Women who spend more than 45 hours working every week have a higher risk of getting type 2 diabetes than their counterparts who spend about 40 hours or less, says a new research.
It is not yet certain why it has only been observed in women but further studies have shown that it might have to do with the fact that women do not stop working even after they leave the office as they have to take on other responsibilities at home.
“It’s important to understand that the work environment does play an increased role in the risk of type 2 diabetes and other chronic diseases. Working long hours is not a healthy thing to do,” said Peter Smith, the study’s lead author who’s a senior scientist at the Institute for Work and Health in Toronto.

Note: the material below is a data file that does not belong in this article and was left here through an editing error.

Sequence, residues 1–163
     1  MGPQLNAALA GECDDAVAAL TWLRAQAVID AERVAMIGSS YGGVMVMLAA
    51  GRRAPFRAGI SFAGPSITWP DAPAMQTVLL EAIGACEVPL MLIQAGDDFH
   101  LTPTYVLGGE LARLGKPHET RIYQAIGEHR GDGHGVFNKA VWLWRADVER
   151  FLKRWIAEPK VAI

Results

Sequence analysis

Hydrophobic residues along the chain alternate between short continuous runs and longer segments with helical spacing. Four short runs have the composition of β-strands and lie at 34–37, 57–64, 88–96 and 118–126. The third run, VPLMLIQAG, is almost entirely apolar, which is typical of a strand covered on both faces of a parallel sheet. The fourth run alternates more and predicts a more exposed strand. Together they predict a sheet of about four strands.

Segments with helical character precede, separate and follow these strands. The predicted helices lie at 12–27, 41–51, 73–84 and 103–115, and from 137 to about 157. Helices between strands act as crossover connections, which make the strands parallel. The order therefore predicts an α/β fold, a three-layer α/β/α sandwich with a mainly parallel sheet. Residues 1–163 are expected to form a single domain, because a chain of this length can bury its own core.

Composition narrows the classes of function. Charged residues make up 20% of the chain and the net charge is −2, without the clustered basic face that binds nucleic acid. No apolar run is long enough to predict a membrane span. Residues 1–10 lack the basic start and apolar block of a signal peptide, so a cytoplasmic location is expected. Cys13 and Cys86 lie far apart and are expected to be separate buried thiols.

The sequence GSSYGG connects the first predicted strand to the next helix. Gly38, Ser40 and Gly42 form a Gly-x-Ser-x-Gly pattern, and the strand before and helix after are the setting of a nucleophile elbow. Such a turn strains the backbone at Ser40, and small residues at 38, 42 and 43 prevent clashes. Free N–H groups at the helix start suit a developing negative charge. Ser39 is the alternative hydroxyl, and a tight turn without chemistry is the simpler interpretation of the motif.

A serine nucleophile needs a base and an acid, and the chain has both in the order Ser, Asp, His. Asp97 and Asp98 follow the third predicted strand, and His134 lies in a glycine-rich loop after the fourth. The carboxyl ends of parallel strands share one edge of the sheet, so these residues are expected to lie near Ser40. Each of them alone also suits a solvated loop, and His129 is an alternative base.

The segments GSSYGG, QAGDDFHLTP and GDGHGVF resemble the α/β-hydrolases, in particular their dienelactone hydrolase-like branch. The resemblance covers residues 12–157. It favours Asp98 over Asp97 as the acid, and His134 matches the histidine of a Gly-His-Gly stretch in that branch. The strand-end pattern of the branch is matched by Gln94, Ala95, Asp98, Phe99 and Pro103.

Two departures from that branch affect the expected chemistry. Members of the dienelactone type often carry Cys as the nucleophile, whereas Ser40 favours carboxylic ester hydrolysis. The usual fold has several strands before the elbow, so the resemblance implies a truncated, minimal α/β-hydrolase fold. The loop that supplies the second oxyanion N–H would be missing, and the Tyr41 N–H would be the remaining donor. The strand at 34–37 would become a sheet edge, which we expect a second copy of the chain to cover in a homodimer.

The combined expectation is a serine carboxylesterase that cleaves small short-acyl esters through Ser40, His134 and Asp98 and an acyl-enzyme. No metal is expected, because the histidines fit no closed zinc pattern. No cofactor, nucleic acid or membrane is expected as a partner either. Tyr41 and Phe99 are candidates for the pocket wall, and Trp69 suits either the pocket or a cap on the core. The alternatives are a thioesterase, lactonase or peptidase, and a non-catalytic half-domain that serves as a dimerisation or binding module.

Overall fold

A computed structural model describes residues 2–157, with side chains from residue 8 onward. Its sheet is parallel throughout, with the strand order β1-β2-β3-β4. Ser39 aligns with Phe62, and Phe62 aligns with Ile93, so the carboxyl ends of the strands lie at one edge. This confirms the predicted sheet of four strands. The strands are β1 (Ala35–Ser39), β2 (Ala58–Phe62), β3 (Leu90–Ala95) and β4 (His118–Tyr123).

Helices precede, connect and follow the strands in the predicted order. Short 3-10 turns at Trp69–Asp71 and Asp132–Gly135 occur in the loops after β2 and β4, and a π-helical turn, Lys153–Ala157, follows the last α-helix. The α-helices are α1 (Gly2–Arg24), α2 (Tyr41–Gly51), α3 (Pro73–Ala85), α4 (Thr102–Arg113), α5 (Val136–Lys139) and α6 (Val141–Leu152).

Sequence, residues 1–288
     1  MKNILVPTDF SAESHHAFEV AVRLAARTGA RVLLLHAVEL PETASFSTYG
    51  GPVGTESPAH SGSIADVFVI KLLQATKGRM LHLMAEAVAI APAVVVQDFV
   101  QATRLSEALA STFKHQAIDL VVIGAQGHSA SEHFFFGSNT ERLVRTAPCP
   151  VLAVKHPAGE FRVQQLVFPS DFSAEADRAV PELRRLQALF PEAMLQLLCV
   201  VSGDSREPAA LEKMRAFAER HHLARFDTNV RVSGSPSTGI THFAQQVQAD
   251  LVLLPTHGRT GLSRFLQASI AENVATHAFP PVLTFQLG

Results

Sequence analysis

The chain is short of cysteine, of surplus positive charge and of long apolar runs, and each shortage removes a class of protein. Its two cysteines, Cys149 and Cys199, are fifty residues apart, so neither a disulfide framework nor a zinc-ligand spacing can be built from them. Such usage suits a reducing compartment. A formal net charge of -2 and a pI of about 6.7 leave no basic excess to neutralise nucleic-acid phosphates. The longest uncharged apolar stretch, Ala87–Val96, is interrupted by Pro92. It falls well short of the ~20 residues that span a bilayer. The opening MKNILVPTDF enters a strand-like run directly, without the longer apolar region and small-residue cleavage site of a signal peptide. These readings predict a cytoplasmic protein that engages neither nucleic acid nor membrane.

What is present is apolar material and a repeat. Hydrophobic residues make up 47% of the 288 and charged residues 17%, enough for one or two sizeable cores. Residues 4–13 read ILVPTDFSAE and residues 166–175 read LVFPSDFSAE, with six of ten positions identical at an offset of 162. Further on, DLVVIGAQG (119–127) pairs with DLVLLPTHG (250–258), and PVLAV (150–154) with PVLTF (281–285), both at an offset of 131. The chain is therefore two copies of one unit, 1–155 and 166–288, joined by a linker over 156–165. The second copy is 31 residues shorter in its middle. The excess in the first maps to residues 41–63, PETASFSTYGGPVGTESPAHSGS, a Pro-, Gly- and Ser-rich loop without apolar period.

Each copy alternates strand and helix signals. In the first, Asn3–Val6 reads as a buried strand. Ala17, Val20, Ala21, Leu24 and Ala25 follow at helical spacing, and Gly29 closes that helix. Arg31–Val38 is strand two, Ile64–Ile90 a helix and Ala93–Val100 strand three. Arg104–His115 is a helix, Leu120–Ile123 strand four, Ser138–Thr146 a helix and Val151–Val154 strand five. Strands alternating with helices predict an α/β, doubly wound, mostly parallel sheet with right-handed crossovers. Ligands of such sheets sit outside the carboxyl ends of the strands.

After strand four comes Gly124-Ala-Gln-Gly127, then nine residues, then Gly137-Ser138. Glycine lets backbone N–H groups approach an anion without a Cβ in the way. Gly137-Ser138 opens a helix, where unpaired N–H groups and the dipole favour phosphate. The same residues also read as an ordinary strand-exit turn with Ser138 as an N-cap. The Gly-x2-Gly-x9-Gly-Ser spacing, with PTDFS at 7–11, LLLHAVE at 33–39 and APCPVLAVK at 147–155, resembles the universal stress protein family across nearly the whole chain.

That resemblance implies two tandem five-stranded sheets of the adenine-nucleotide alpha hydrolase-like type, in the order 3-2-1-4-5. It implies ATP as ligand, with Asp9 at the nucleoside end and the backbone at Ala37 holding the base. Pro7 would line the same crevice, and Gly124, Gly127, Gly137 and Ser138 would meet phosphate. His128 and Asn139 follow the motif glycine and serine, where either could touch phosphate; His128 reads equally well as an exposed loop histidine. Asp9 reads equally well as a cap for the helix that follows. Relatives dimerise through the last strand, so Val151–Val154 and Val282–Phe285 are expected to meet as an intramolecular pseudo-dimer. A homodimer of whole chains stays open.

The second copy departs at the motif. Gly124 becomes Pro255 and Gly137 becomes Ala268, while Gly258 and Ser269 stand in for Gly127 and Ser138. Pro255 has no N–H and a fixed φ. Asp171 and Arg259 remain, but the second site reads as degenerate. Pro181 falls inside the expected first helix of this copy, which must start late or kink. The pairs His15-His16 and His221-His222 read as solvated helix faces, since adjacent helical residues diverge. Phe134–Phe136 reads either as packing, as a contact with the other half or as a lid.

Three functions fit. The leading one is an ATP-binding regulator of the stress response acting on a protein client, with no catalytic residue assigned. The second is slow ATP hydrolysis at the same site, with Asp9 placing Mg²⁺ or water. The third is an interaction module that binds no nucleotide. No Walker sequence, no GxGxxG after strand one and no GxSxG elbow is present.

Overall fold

Studies have also found no significant link between men’s work hours and type 2 diabetes.
“If you look at time spent outside of work, women do more care of household members and more routine housework. The only thing women don’t do more of is watching TV and exercising,” Smith added.
Obesity and doing jobs that require an individual to sit in one place all the time also increase the likelihood of an individual having type 2 diabetes, the study said.
The study also showed that if an individual is overworked, it might cause a stress response that leads to hormonal imbalance and insulin resistance which might contribute to the development of diabetes.
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